I invite you to look up those publications, to determine just how venerable they are. Clifton was fired from Animal's Agenda, where his wife was an editor. The board felt that it "had become too much the vehicle for one couple's opinions." He then founded the tabloid Animal People. Recently he parted ways with that organization as well; the "editorial and managing group" now consists of three people, two of whom are his ex-wife and son. (Venerability is a family affair.) Animals 24-7 is his blog.

Now, all will be forgiven if Clifton proves to be that remarkable species: an amateur scientist who nevertheless produces rigorous and valuable studies. I have an expert statistician, Mike McCaffrey, prepared to look into Clifton's research to establish whether that is the case: whether Merritt Clifton, despite lying about his credentials, is doing credible work. Mike McCaffrey teaches data librarianship at the University of Toronto, and he explained the issues involved:

The biggest problems are often found in one or more of three areas: collection, presentation, and interpretation. To my mind, collection is the big one when amateurs, especially those with an axe to grind or a position they've staked out in advance, are involved. To be believable, the dataset has to be available in its entirety for examination and the collection methodology had to be described in full. In essence, one must be able to replicate and reach the same conclusion.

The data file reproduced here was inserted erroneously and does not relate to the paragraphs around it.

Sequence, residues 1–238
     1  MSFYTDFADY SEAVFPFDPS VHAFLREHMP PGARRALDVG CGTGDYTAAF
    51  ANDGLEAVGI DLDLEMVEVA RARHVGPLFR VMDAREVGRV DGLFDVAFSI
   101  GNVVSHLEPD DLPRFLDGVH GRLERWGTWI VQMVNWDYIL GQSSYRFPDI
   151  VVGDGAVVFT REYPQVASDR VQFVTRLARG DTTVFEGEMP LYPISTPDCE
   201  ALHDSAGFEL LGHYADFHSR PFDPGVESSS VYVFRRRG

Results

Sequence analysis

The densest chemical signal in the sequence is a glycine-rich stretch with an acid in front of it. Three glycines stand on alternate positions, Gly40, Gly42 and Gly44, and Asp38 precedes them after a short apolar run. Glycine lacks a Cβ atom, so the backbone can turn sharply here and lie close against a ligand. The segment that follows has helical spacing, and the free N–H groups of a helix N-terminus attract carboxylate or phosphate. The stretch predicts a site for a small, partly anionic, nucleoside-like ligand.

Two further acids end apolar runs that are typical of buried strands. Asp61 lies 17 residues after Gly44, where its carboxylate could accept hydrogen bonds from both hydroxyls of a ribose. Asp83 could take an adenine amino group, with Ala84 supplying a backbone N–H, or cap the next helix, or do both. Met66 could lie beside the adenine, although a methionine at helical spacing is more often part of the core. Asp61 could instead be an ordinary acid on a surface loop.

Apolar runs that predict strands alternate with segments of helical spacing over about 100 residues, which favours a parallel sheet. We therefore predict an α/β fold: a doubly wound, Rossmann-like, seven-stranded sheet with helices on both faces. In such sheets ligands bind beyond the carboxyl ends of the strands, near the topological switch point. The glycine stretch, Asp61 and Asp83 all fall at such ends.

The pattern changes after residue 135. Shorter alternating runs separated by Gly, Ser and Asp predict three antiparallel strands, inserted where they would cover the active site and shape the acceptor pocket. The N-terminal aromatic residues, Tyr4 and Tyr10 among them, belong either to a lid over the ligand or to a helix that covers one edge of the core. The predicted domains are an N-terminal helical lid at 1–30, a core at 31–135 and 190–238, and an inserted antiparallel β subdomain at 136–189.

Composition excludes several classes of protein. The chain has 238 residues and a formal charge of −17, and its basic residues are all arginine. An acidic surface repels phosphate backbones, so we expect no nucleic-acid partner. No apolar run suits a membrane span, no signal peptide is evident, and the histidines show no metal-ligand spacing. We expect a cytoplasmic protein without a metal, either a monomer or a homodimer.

And here is what this genuine, qualified expert says that we require, to lay these concerns to rest: "May we see the raw data (a file with all the incidents logged separately with all the variables/characteristics laid out) instead of just the aggregated data (the tallies produced for the report)? If not, why?"

Apparently, Merritt Clifton does make his raw data available. He just refuses to make it available to me. Via Barbara Kay: "The short version is, I have shared my input data with many legitimate researchers over the years, Colleen included. I don't share it with pit nutters."

In shorter: he does not share it with people who disagree with him.

If this data even exists, my guess is that it's embarrassing: inaccurate, incomplete, or incomprehensible. Otherwise, who better to share it with than pit bull advocates ("nutters") -- so that they might be convinced of the error of their ways?

I have given Merritt Clifton plenty of time to defend himself. All I require, I've explicitly said, is the raw data. I've offered to have it examined not simply by an expert of my choice, but -- if he is worried about bias -- also by a qualified expert chosen by him. (By "qualified," I mean someone with qualifications.)